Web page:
The Daytime Emmys will go on, but on which network remains a question.

The New York-based National Academy of Television Arts & Sciences (NATAS) is in negotiations with at least two networks, according to sources.

What is likely is that the ceremony will air June 27 (a Sunday) in the West, likely at the Las Vegas Hilton.

With daytime TV’s downturn, the Daytime Emmys have been a ship without a port in recent years. The daytime soap business has been on the decline, with fewer on the air. Ratings for daytime syndicated TV shows also have fallen off, and for the most part, viewers tune into the Daytime Emmys to see their favorite soap stars.

Auds are less interested in seeing Judge Judy and Pat Sajak wear the latest fashions on the red carpet, and daytime’s biggest draw, Oprah Winfrey, stopped entering the contest after dominating the awards for years.

And so over the past 10 years, Daytime Emmys viewership has dropped by 10 million viewers. In 2000, the show aired on ABC on May 19 (a Friday), with nearly 13 million viewers watching. The show turned in a 4.1 rating/13 share among adults 18-49 and a 4.9/13 among adults 25-54, the demographic at which daytime television is aimed.

Every year since then, ratings for the awards show have fallen precipitously. In its last outing on a major broadcast network — on ABC on June 20, 2008 — the Daytime Emmy Awards attracted only 5.4 million viewers and did a 1.2/4 in adults 18-49, a 1.6/5 among adults 25-54.

Last year, the show struggled to find a network home or a primetime slot. The show was originally slated to air on CBS, which at the time was home to four soap operas, but the network ultimately passed, citing the declining ratings and resulting low financial returns.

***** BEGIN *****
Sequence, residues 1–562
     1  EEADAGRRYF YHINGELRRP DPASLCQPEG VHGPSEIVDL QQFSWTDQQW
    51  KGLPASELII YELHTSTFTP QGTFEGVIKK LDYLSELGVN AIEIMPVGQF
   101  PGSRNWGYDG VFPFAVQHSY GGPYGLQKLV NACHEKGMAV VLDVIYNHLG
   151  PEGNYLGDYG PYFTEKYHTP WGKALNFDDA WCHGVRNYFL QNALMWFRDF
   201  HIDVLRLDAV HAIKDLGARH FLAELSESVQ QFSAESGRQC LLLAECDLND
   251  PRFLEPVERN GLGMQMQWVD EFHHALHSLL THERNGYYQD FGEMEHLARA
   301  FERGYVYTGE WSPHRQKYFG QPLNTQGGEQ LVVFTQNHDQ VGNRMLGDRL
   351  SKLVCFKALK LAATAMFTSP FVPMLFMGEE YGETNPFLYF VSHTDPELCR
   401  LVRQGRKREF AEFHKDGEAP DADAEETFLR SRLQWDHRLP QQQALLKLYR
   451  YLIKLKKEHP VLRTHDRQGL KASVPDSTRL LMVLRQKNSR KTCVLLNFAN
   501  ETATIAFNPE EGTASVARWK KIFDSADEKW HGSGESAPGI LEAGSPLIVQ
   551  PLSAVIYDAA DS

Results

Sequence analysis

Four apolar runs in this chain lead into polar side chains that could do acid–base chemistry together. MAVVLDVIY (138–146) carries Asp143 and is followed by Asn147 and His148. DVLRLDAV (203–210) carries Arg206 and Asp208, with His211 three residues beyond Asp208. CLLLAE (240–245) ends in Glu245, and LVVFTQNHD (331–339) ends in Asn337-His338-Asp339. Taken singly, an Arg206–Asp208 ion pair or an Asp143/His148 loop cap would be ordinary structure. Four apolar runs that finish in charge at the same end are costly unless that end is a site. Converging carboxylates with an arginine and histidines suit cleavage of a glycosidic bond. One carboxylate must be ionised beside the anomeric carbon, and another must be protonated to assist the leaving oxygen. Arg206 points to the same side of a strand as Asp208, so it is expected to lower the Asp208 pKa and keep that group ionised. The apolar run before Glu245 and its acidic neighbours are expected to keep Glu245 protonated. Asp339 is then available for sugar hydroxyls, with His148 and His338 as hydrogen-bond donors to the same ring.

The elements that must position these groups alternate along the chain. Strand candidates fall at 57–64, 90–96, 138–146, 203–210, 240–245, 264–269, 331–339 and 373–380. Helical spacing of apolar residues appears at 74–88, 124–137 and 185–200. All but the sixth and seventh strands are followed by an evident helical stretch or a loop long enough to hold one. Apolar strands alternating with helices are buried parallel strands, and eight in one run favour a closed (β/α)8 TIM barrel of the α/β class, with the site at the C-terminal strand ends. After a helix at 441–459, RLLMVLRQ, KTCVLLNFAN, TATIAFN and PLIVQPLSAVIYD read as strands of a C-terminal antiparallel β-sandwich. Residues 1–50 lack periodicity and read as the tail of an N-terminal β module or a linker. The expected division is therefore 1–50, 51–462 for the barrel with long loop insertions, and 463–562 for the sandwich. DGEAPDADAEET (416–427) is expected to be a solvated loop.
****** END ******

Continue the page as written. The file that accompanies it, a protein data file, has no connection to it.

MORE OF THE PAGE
CBS also was less interested in airing the annual soap-focused kudocast because the network was in the process of at least partially exiting the soap-opera business. Last fall, “Guiding Light” went off the air and was replaced by a remake of “Let’s Make a Deal,” hosted by Wayne Brady. This fall, “As the World Turns” will go out the door after airing on the Eye for 54 years. Remaining on CBS’ air are daytime’s highest rated soap, “The Young and the Restless,” and the only halfhour soap, “The Bold and the Beautiful.”

The option to broadcast the show passed to ABC, which also declined, saying it had no money in its budget to produce and air another awards show. ABC airs three soap operas — “General Hospital,” “One Life to Live” and “All My Children” — and has managed to stay in the soap business by drastically reducing the costs of producing these sudsers. ABC’s parent company, Disney, also owns cable network SoapNet, which gives these shows a second life on cable.

ABC and CBS’ decisions to pass forced NATAS to seek a new broadcast partner, which it found in the CW, a network with a much smaller circulation that targets its programming to young women. The show was shot at the Orpheum Theater in Hollywood, with Associated Television Intl. producing and Emmy-winning producer David McKenzie exec producing. MGM Worldwide Television Distribution handled worldwide distribution, selling the show internationally to defray costs and increase revenue.

The time it took to finding that new partner and complete negotiations pushed the awards show all the way back to Aug. 30, until it was airing just weeks before the Primetime Emmys. In the past, the Daytime Emmys have aired as early as late April but only as late as the end of June.

Sources say the CW is again a candidate to air the Daytime Emmys, even though last year’s ratings hit rock bottom. In 2009, the show’s audience declined by half, with only 2.7 million viewers tuning in. The program didn’t even manage a 1.0 rating among adults 18-49, squeaking out an anemic 0.6/2. Among adults 25-54, the show did just a bit better at a 0.8/2.